Send to

Choose Destination
Sci Total Environ. 2013 Sep 1;461-462:10-8. doi: 10.1016/j.scitotenv.2013.04.068. Epub 2013 May 24.

Dynamics of CO2 fluxes and environmental responses in the rain-fed winter wheat ecosystem of the Loess Plateau, China.

Author information

College of Agronomy, Northwest A&F University, Yangling, Shaanxi 712100, China.


Chinese Loess Plateau plays an important role in carbon balance of terrestrial ecosystems. Continuous measurement of CO2 fluxes in cropland ecosystem is of great significance to accurately evaluate the carbon sequestration potential and to better explain the carbon cycle process in this region. By using the eddy covariance system we conducted a long-term (from Sep 2009 to Jun 2010) CO2 fluxes measurement in the rain-fed winter wheat field of the Chinese Loess Plateau and elaborated the responses of CO2 fluxes to environmental factors. The results show that the winter wheat ecosystem has distinct seasonal dynamics of CO2 fluxes. The total net ecosystem CO2 exchange (NEE) of -218.9±11.5 gC m(-2) in the growing season, however, after considering the harvested grain, the agro-ecosystem turned into a weak carbon sink (-36.2 gC m(-2)). On the other hand, the responses of CO2 fluxes to environmental factors depended on different growth stages of winter wheat and different ranges of environmental variables, suggesting that the variations in CO2 exchange were sensitive to the changes in controlling factors. Particularly, we found the pulse response of ecosystem respiration (Reco) to a large rainfall event, and the strong fluctuations of CO2 fluxes usually appeared after effective rainfall events (daily precipitation > 5 mm) during middle growing season. Such phenomenon also occurred in the case of the drastic changes in air temperature and within 5 days after field management (e.g. tillage and plough).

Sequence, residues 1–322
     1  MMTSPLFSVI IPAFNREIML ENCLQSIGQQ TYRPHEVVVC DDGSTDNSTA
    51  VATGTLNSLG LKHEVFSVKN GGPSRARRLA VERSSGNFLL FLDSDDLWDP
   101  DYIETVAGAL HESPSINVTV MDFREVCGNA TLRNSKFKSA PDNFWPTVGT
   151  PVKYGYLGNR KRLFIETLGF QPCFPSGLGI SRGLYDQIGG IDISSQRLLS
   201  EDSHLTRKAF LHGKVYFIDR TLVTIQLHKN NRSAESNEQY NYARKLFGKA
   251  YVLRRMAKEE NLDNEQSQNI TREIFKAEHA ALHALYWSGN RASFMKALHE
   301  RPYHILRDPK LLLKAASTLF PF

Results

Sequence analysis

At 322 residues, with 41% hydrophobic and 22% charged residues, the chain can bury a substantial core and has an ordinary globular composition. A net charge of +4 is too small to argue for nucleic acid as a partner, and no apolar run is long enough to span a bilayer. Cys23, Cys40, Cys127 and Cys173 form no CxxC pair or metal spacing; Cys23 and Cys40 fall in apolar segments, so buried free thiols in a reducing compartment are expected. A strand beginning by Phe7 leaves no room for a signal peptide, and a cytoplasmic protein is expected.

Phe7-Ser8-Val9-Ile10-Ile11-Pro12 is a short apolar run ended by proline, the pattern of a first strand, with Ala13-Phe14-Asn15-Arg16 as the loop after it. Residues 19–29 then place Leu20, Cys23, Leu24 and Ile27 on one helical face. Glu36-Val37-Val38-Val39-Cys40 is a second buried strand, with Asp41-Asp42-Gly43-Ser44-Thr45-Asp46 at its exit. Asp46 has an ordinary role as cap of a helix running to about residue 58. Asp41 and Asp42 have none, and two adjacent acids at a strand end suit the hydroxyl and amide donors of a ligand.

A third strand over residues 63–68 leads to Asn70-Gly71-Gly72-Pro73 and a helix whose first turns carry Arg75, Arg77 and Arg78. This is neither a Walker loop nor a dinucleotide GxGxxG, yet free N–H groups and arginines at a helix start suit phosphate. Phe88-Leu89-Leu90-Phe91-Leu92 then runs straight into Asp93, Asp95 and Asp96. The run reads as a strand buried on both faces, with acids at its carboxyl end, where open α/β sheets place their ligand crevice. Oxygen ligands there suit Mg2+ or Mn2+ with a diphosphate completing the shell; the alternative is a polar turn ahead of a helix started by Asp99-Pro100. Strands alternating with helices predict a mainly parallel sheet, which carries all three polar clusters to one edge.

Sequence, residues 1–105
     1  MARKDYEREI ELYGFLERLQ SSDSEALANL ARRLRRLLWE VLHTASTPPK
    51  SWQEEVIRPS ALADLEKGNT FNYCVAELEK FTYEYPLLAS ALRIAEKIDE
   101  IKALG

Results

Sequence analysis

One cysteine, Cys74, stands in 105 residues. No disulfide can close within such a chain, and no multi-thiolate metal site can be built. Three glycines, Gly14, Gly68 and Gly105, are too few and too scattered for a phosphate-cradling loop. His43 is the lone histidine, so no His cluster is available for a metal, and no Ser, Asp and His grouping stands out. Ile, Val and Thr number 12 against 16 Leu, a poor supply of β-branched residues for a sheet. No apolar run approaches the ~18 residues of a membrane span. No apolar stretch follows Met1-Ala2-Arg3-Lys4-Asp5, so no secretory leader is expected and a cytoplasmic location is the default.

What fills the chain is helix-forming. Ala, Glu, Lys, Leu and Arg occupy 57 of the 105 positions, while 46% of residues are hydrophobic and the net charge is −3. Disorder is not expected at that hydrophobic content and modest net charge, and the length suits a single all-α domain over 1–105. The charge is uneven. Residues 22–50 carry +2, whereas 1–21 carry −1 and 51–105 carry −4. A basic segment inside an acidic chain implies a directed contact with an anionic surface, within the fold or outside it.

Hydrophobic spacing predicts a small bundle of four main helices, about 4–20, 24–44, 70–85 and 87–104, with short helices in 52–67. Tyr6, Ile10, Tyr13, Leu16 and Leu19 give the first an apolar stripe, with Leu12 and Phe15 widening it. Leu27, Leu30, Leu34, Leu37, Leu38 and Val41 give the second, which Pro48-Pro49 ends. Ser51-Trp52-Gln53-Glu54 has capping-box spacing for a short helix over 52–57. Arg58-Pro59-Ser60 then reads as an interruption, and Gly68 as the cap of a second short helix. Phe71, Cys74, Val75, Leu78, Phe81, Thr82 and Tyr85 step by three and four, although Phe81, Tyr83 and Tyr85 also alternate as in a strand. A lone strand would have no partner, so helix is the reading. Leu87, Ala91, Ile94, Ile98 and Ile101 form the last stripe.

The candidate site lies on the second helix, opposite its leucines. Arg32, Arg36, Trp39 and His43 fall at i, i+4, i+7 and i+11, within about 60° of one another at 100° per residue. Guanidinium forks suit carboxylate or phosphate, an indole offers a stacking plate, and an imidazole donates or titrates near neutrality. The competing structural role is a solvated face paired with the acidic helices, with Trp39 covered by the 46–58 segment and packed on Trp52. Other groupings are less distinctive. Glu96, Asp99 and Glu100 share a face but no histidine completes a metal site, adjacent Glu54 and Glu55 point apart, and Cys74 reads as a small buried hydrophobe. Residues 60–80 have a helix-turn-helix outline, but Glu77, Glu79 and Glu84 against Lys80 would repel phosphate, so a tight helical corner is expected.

Ecosystem respiration; Eddy covariance technique; Environmental factor; Environmental response mechanism; Net ecosystem CO(2) exchange

[Indexed for MEDLINE]
Free full text

Supplemental Content

Full text links

Icon for Elsevier Science
Loading ...
Support Center